These examples demonstrate that composition, structure and integrity of membranes are affected by a range of environmental factors. In the last decade in particular increasing evidence has accumulated that a range of environmental stress factors such as high light intensity, drought, chilling, air pollutants, and also mineral nutrient deficiencies are harmful to plants by impairment of membrane integrity, and that elevated levels of toxic oxygen species are causally involved in this impairment (Elstner, 1982; Hippeli and Elstner, 1991).

As shown in a model in Fig. 2.5, these toxic oxygen species are either radicals such as superoxide (02 ~) or hydroxyl (OH"), or the molecule hydrogen peroxide (H202). All are formed in various reactions and metabolic processes where oxygen is involved, for example photosynthesis (Asada, 1992) and respiration, including oxidation of NADPH

  • Mitochondrial ^transport
  • Photosynthetic e-transport
  • Membrane-bound, cell wall-

bound NAD(P)H oxidases •Chinones • Redox metals

Defense

• Superoxide dismutases:

scavenger of Oj"

  • Catalase: scavenger of H,02
  • Peroxidases (i.e., ascorbate peroxidase): scavenger of H20:
  • Superoxide dismutases:

scavenger of Oj"

  • Catalase: scavenger of H,02
  • Peroxidases (i.e., ascorbate peroxidase): scavenger of H20:

Vitamin C: scavenger of OH'

and ; substrate for peroxidases Vitamin E: scavenger of OH' and peroxyl radicals and inhibits chain reactions of lipid peroxidation Glutathione: protects SH-enzymes fl-carotene: scavenger of 1Q>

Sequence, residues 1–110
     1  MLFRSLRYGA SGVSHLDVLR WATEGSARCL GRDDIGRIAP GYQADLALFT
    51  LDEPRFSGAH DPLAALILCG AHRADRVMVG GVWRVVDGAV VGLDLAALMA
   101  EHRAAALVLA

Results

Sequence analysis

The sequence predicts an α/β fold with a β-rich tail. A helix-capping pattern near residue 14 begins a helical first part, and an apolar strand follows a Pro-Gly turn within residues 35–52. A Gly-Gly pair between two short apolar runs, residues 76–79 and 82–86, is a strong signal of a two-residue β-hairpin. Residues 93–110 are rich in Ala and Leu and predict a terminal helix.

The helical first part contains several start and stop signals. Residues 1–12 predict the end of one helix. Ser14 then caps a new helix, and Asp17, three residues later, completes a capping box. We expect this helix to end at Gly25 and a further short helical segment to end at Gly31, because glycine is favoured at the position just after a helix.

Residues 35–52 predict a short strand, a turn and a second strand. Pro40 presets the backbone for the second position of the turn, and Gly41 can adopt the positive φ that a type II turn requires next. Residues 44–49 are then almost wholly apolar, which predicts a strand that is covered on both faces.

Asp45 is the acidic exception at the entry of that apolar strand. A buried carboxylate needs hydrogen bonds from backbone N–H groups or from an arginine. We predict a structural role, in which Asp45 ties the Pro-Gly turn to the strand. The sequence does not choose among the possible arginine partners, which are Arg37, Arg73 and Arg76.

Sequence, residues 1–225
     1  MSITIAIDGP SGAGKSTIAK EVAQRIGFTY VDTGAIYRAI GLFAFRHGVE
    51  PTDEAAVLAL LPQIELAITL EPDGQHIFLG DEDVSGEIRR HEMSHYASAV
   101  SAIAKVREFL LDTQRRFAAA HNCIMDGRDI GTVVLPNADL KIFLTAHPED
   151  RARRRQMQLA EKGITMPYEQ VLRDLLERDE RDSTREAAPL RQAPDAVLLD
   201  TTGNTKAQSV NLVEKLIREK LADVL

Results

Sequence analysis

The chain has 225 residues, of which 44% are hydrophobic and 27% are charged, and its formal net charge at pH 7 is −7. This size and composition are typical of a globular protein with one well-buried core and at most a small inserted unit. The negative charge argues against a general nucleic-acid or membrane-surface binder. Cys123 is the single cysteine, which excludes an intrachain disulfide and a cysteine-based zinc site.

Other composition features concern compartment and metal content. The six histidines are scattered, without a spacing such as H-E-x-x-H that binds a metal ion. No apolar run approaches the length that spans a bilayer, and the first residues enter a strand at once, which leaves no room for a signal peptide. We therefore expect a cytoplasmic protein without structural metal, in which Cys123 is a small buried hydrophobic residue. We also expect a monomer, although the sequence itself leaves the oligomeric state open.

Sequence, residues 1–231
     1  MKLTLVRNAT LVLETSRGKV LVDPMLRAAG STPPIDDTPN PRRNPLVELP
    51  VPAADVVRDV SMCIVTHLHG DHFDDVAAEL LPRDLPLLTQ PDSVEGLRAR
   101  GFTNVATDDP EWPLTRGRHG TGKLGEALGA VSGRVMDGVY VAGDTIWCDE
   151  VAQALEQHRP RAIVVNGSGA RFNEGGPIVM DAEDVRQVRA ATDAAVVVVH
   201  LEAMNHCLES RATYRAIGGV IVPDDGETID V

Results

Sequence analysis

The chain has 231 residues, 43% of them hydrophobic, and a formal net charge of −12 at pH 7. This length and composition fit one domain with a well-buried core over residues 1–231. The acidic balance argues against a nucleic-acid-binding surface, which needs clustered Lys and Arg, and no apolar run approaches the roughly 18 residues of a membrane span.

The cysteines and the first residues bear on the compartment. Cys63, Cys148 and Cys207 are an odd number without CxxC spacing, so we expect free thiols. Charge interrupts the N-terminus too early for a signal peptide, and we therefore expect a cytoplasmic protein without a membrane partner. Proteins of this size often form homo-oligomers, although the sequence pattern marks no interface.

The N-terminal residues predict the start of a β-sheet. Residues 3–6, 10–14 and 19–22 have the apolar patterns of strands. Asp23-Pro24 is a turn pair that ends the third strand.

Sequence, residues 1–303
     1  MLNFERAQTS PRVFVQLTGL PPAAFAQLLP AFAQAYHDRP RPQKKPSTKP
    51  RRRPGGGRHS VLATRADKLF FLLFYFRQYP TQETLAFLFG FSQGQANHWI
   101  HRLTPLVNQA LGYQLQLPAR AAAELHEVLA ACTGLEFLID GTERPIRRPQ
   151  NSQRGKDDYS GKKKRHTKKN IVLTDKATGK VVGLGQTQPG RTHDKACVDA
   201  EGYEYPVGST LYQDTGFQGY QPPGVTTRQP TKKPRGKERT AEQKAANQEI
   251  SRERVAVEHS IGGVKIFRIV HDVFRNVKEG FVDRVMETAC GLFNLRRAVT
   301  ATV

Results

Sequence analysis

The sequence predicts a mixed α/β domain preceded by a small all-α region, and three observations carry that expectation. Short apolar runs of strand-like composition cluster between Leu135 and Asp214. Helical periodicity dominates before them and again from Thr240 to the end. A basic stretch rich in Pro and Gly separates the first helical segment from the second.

Membrane damage (lipid peroxidation, SH-oxidation, enzyme inactivation, leakage —»loss of membrane function)

Defense

Vitamin C: scavenger of OH'

and ; substrate for peroxidases Vitamin E: scavenger of OH' and peroxyl radicals and inhibits chain reactions of lipid peroxidation Glutathione: protects SH-enzymes fl-carotene: scavenger of 1Q>

Membrane damage (lipid peroxidation, SH-oxidation, enzyme inactivation, leakage —»loss of membrane function)

Fig. 2.5 Model of generation of, and membrane lipid peroxidation by, oxygen radicals and hydrogen peroxide, and systems for scavenging and detoxification. (I. Cakmak, unpublished.)

or NADH at the plasma membrane-cell wall interface (Werf et al., 1991; Vianello and Macri, 1991). Toxicity by activated oxygen species and its derivates is caused, for example by oxidation of thiol groups (-SH) of enzymes and peroxidation of polyunsaturated fatty acids in membranes (Halliwell, 1978; Pukacka and Kuiper, 1988). Aerobic organisms including plants possess a range of defense systems (Fig. 2.5) for detoxification of oxygen radicals and hydrogen peroxide, including superoxide dismutase (02'~ —» H202) and peroxidases/catalase (H202 —> H20).

Mineral nutrition of plants may affect at various levels both, generation of toxic oxygen species and hydrogen peroxide, and mechanisms for detoxification. These may be summarized as follows:

  1. As a component of detoxifying enzymes (e.g. zinc, copper, manganese or iron in superoxide dismutases; iron in peroxidases and catalase);
  2. By the accumulation of precursors for radical formation (e.g. phenols and quinones) under nutrient deficiency (e.g. boron deficiency);
  3. Through a decrease in sink activity (i.e. demand) and accumulation of photosyn-thates and correspondingly elevated levels of toxic oxygen species in source leaves under mineral nutrient deficiencies (e.g. potassium and magnesium).

These various aspects are discussed in more detail in the relevant sections on photosynthesis (Chapter 5) and functions of mineral nutrients (Chapters 8 and 9).